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Friday, October 10, 2014
Dr. Craig J. McClain to deliver 19th annual Mark Keller Honorary Lecture at the National Institutes of Health
The National Institute on Alcohol Abuse and Alcoholism (NIAAA), part of the National Institutes of Health, announces that Craig J. McClain, M.D. will deliver the 19th Annual Mark Keller Honorary Lecture. Dr. McClain is an internationally distinguished clinician and scientist in the fields of gastroenterology, alcohol abuse, nutrition, cytokine research, and hepatic drug metabolism. The title of his talk is “Nutrition, Gut Barrier Function, and Liver Disease.”
Dr. McClain is a Professor of Medicine and Professor of Pharmacology and Toxicology at the University of Louisville, where he also holds several research and administrative leadership positions. As a clinician and scientist, Dr. McClain has made many contributions to the alcohol research field. In an early study, he described the harmful interactions in the liver between alcohol and acetaminophen. In another landmark study, he described dysregulated cytokines in alcoholic hepatitis. Over time, Dr. McClain’s work has increasingly focused on translational and interventional studies, including a seminal clinical study demonstrating the beneficial effects of nutritional supplementation in alcoholic hepatitis patients. The current focus of research in his laboratory is on interactions of the gut and liver in alcoholic liver disease generally and on the role nutrition plays in alcoholic liver disease. He has received continuous federal funding, including grants from NIH and the Department of Defense, for almost 40 years.
Tuesday, October 14, 2014 1:30 p.m. EDT
Masur Auditorium, NIH Building 10, Bethesda, Maryland.
NIAAA established the Mark Keller Honorary Lecture Series as a tribute to Mr. Keller’s pioneering contributions to the field of alcohol research. Each fall, the series features a lecture by an outstanding alcohol researcher whose work makes significant and long-term contributions to our understanding of how alcohol affects the body and mind, how we can prevent and treat alcohol abuse and alcoholism, and how today's scientific advancements can provide hope for tomorrow. NIAAA is pleased to present this series of scientific lectures to acknowledge the advances researchers are making in a wide range of alcohol-related research, and to honor the memory of an individual whose pioneering research remains relevant today.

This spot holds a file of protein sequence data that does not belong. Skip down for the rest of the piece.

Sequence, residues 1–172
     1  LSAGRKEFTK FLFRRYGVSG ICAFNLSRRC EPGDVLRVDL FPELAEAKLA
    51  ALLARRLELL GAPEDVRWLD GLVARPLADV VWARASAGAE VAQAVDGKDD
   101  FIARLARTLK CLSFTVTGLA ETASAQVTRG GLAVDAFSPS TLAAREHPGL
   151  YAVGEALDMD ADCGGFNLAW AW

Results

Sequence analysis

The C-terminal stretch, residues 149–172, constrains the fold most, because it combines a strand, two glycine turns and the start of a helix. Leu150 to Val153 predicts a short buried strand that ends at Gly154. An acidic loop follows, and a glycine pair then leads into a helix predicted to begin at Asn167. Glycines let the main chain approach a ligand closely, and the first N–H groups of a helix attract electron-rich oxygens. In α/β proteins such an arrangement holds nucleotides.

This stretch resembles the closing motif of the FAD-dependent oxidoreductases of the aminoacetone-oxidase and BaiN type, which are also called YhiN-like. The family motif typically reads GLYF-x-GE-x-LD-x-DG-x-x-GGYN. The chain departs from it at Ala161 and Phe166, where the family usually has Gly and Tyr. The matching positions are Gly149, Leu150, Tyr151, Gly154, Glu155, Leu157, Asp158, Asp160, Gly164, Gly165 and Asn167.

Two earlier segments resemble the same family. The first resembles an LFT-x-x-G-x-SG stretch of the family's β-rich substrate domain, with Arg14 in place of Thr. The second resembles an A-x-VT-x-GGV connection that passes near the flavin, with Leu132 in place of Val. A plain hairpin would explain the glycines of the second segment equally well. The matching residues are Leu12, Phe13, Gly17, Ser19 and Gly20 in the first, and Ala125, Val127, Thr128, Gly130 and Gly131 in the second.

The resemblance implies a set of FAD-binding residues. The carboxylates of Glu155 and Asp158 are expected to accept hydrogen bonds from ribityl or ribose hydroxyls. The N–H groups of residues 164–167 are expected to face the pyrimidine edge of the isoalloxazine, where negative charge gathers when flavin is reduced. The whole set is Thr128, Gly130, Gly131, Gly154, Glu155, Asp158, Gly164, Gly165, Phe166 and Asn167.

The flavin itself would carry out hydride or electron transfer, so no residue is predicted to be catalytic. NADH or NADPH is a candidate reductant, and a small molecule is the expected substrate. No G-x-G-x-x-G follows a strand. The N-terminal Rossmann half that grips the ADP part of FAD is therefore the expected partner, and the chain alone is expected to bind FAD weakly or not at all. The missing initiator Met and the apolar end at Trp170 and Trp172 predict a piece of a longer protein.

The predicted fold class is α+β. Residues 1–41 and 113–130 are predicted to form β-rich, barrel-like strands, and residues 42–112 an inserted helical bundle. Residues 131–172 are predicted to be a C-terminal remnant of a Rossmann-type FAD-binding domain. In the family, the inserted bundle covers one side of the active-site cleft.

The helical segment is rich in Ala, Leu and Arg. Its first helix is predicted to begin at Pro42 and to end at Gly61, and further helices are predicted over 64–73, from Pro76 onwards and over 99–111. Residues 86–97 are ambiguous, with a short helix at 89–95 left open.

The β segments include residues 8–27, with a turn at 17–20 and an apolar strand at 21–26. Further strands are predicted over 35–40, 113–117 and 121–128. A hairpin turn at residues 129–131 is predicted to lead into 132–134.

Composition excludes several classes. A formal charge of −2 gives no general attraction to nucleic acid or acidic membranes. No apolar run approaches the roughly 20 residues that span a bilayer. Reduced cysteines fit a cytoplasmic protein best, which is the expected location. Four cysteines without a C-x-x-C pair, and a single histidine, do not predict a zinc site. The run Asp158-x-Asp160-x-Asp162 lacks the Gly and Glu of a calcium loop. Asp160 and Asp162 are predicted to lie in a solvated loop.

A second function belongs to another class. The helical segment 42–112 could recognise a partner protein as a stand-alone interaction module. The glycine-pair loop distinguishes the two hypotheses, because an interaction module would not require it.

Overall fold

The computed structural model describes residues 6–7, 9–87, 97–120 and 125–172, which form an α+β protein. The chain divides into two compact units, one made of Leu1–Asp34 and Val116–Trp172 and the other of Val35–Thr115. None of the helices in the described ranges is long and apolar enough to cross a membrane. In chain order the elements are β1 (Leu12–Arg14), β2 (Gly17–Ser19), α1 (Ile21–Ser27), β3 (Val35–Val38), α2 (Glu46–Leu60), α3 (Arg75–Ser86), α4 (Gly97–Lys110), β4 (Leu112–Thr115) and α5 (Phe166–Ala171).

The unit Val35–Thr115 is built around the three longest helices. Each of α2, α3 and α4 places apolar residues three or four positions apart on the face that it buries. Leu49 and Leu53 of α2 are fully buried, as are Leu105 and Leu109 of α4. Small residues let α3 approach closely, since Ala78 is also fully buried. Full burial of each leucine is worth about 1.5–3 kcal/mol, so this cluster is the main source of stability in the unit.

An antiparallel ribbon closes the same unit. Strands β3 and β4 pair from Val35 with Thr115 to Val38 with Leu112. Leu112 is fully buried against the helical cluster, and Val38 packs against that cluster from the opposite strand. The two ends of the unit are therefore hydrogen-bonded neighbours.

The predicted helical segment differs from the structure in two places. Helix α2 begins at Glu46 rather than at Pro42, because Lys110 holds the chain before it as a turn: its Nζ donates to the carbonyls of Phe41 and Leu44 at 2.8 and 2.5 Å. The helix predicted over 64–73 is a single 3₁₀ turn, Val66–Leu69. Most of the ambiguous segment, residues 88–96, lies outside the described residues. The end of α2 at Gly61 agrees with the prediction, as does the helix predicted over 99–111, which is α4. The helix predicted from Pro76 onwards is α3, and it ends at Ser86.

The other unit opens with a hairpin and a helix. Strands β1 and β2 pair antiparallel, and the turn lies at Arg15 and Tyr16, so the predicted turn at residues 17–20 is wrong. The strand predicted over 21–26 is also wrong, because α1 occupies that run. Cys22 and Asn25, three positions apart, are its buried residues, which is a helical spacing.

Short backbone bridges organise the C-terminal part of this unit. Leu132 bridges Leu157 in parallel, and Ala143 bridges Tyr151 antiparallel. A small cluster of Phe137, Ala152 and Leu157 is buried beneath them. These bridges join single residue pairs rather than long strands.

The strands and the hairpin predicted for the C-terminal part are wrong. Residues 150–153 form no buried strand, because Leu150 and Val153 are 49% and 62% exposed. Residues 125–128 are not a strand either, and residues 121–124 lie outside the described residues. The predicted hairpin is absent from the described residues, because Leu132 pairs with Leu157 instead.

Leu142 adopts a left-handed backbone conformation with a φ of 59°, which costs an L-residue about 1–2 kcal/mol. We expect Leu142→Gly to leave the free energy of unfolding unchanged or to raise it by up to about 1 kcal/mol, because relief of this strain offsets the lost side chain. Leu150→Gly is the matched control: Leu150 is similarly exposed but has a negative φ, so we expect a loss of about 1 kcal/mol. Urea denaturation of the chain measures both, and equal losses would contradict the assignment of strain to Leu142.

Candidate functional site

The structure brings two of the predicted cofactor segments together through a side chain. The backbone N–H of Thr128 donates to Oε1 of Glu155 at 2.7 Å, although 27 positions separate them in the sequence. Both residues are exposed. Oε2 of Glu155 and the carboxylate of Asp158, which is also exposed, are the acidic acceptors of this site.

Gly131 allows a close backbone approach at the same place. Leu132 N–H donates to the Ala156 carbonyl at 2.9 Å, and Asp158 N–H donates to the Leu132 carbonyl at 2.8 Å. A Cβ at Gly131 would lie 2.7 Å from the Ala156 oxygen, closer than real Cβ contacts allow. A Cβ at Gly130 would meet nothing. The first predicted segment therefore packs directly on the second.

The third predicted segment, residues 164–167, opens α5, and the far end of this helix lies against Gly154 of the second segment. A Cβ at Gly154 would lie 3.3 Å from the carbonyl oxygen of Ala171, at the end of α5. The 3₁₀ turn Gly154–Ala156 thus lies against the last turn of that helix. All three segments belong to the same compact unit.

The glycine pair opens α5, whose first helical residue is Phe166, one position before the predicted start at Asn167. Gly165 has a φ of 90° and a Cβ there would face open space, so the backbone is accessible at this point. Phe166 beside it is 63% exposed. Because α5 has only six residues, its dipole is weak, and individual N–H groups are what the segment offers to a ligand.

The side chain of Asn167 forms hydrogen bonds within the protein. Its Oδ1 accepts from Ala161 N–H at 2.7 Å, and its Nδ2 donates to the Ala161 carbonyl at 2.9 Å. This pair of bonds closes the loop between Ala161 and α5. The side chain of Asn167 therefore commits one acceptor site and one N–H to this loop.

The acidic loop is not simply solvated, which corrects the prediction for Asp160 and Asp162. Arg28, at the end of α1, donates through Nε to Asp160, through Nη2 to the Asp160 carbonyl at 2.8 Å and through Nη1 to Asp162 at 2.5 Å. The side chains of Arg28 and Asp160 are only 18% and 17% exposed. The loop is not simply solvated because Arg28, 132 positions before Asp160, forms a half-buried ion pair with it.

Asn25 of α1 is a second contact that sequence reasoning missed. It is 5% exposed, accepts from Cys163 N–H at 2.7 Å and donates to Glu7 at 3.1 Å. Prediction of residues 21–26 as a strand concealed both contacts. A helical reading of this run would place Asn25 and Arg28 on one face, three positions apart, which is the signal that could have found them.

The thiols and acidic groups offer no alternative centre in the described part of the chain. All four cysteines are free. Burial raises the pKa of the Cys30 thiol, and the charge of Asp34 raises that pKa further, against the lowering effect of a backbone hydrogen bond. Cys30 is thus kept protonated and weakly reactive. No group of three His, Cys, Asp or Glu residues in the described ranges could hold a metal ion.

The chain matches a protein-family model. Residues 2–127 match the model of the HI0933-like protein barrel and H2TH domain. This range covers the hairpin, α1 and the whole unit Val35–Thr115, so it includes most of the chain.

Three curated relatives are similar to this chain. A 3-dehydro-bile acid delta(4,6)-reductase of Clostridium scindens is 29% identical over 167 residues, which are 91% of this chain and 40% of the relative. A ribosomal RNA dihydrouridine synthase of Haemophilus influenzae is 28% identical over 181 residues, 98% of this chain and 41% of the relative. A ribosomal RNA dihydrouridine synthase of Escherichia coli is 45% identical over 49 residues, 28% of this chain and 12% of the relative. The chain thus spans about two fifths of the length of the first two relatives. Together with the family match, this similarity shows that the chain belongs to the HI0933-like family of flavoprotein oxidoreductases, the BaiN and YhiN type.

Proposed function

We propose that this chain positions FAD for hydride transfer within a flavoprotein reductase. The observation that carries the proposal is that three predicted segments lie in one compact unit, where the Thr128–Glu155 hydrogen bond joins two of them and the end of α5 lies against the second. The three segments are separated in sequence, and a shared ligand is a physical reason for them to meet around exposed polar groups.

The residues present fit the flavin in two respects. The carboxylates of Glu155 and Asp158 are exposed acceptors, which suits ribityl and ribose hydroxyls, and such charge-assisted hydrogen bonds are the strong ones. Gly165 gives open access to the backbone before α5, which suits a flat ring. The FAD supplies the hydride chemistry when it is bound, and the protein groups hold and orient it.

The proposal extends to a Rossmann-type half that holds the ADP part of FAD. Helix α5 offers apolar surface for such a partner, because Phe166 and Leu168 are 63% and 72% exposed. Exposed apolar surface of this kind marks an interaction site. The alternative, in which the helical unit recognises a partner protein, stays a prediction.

For additional information about the lecture see:
The Keller Honorary Lecture is free and open to the public. Sign language interpreters will be provided. For other reasonable accommodations or further information call Joanna Mayo, 301-443-3860, or visitwww.niaaa.nih.gov. For TTY callers, please call the above number through the Federal Relay Service at 1-800-877-8339.
The National Institute on Alcohol Abuse and Alcoholism, part of the National Institutes of Health, is the primary U.S. agency for conducting and supporting research on the causes, consequences, prevention, and treatment of alcohol abuse, alcoholism, and alcohol problems. NIAAA also disseminates research findings to general, professional, and academic audiences. Additional alcohol research information and publications are available at http://www.niaaa.nih.gov.
About the National Institutes of Health (NIH): NIH, the nation's medical research agency, includes 27 Institutes and Centers and is a component of the U.S. Department of Health and Human Services. NIH is the primary federal agency conducting and supporting basic, clinical, and translational medical research, and is investigating the causes, treatments, and cures for both common and rare diseases. For more information about NIH and its programs, visit www.nih.gov.
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